Nov 30, 2009

So Blessed. So Thankful.

Every year my family and I — at least 18+ of us — gather to celebrate Thanksgiving. It is a day guaranteed to fill our bellies with lots of food and drinks, and overflow our souls with love and laughter.

This year was no different.

The food was abundant, the drinks (my fruity concoction and Cassie’s delicious cranberry citrus sangria) were delicious, and the company was perfect. The usual suspects — the Sanchez’s, Roque’s, Manliguez squared, Requireme’s — were all in attendance but we also added our new families — the Walden’s, Harris’, Harvey’s, and Austin. It was a beautiful blend of cultures and humanity and a night flushed with lots of wonderful memories.

But unlike years past, our Thanksgiving morning was different.

That morning we took in feeding the homeless through a wonderful organization called . Through God’s grace, I happened to visit my friend Mina’s facebook page about two weeks ago and noticed she had posted an article about ways to make a difference during the holiday season. This organization was listed in the article and I immediately signed myself up along with Tommy, Chey, Angela, Joshua, Eugene, Mark and Cassie.

I stayed up late the night before to make creamed corn, a sweet potato casserole along with biscuits to bring to the event, which is made possible through potluck donations and volunteers. Along with our dishes we brought bags full of barely worn coats that were no longer being used, brand new toothbrush kits and an extra special care package sent by cousin Beulah who couldn’t join us because of work. When we arrived at the event in Echo Park, we passed off our donations and immediately had our cars filled with boxed meals, clothes and personal hygiene products — all ready to be passed out to out homeless brothers and sisters.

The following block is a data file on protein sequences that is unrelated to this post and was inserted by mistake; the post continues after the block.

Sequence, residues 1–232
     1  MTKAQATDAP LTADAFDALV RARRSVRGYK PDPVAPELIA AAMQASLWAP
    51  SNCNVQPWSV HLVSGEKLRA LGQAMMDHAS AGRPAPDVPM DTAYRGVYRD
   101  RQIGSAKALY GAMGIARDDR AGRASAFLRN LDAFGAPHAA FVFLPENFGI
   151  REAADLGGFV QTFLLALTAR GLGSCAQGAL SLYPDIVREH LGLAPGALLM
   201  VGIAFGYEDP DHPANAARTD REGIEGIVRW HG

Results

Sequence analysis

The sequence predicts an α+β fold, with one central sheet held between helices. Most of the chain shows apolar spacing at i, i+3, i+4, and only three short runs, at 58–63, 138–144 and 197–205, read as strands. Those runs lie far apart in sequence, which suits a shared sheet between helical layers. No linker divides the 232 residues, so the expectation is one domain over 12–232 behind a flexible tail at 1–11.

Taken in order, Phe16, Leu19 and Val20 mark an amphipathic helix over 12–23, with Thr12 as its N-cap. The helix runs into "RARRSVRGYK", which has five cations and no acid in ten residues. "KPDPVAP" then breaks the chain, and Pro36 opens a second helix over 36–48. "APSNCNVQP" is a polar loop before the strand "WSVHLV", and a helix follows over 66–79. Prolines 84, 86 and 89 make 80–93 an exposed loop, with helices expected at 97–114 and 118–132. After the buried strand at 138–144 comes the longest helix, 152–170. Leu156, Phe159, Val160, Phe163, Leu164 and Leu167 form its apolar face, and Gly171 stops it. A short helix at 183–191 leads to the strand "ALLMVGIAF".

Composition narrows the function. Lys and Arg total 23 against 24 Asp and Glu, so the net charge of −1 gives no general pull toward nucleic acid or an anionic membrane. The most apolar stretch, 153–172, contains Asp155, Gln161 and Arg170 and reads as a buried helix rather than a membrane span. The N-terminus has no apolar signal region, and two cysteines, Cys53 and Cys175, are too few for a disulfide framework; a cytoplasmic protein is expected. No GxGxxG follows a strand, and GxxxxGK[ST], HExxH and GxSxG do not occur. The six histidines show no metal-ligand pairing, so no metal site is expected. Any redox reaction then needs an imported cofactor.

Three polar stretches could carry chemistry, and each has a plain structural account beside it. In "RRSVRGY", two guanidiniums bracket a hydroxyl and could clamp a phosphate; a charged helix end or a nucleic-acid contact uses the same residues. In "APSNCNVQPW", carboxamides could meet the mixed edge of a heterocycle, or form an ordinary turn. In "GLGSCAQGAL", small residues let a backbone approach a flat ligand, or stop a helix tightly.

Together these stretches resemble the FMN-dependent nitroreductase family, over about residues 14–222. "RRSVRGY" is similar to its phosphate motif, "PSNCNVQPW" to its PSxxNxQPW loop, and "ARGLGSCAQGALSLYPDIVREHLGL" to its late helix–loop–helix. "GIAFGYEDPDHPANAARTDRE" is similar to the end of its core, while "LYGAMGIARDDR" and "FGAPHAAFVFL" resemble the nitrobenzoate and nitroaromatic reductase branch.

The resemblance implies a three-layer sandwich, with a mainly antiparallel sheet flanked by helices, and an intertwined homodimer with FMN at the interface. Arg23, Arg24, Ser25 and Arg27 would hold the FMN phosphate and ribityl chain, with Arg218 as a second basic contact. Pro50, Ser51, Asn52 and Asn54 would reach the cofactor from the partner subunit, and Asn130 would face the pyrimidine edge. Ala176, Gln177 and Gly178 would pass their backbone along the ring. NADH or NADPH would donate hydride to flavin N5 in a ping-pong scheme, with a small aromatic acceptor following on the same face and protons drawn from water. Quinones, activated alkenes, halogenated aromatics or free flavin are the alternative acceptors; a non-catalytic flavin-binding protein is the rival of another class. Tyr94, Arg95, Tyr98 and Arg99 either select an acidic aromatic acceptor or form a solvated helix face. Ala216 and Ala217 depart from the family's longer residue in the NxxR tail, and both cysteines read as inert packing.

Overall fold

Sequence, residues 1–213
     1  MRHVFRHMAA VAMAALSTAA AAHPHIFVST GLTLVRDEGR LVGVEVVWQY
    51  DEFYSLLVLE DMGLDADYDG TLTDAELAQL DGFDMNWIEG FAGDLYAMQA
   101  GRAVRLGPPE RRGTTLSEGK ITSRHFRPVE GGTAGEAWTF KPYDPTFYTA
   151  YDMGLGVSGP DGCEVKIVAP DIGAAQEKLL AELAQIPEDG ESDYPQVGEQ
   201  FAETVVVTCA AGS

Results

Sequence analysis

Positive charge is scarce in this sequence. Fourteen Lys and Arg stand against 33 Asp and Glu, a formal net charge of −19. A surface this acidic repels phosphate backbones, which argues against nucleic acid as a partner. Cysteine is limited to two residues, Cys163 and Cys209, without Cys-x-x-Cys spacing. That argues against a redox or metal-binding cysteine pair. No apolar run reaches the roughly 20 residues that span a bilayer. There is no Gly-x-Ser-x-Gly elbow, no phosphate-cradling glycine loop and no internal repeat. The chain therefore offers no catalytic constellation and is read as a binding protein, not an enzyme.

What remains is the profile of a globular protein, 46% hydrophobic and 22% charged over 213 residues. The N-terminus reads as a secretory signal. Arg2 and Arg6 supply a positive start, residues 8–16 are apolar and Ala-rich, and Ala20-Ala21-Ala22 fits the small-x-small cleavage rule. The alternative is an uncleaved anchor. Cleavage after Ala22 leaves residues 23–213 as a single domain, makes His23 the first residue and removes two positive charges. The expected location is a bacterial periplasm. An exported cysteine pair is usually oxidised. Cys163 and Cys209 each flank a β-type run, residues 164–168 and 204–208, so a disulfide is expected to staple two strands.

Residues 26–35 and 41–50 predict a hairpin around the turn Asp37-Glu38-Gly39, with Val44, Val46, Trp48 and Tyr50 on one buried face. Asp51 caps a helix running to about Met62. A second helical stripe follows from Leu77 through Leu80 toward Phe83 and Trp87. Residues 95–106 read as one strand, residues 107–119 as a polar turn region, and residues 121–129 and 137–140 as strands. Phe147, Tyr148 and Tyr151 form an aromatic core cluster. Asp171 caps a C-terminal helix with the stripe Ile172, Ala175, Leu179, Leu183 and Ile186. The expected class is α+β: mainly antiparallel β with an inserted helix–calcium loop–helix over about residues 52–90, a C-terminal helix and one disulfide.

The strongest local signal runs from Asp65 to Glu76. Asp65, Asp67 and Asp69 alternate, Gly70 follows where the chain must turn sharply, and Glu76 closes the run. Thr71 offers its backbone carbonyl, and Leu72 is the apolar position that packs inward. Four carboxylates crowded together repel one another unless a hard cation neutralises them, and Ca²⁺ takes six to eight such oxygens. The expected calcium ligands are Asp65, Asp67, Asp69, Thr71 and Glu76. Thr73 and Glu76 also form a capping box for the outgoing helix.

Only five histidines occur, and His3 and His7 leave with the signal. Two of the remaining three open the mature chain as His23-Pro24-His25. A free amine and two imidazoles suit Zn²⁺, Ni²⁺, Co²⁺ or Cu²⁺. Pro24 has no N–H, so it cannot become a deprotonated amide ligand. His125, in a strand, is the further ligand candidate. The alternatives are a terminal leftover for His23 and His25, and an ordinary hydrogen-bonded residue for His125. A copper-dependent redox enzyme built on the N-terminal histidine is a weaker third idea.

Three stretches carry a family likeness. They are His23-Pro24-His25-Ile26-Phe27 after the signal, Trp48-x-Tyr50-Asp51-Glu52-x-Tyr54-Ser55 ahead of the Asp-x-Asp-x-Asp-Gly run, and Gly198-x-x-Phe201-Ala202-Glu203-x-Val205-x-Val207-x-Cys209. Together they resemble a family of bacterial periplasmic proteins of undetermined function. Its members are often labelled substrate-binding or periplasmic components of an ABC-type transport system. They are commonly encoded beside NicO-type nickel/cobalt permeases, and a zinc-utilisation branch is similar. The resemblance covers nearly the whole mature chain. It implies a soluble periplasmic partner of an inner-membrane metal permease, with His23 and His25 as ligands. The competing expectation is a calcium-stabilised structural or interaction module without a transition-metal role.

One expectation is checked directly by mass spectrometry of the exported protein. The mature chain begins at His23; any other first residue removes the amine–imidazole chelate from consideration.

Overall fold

Seeing the long line of cars waiting to be filled warmed my heart.
Seeing the droves of people lined up to sign in and help the “conveyor belt” of organizers inside the center made me smile.
Seeing so many people walk up with homemade dishes and bags full of clothes made me realize there is still a lot of good in this fast moving world that often crushes those left behind in its path.

With three cars full, we set off with simple instructions, “find the needy.”

I rode in the car with Tommy, Mark and Eugene and with eight eyes wide open we cruised through the downtown LA district in hopes to find the needy and brighten up their day.

Slowly we found them and learned what to look for, their appearances all so similar — disheveled often stained clothing, uncombed hair, some looking through trash cans, some sitting silently on the sidewalk with glassy eyes, and many pushing their entire lives in a cart before them.

“Would you like a meal?” It was what we figured was the most appropriate way to serve them.

Initially, we came across some who were hesitant, likely because they had already been given one of the styrofoam cased meals or some with their minds lost to our words. But slowly, we found those who jumped at our offer.

We drove throughout L.A. that morning, passing out at least 15 meals, many pieces of fruit, several articles of clothing and tons of soaps, shampoos, toothbrushes and other products.  Gifts of simplicity that carried so much value. About 45-minutes into our trek, we dropped by Smart and Final and purchased a case of bottled water because it just didn’t seem appropriate to serve these meals without a drink. We wanted “our people” to receive a full meal, a Thanksgiving meal.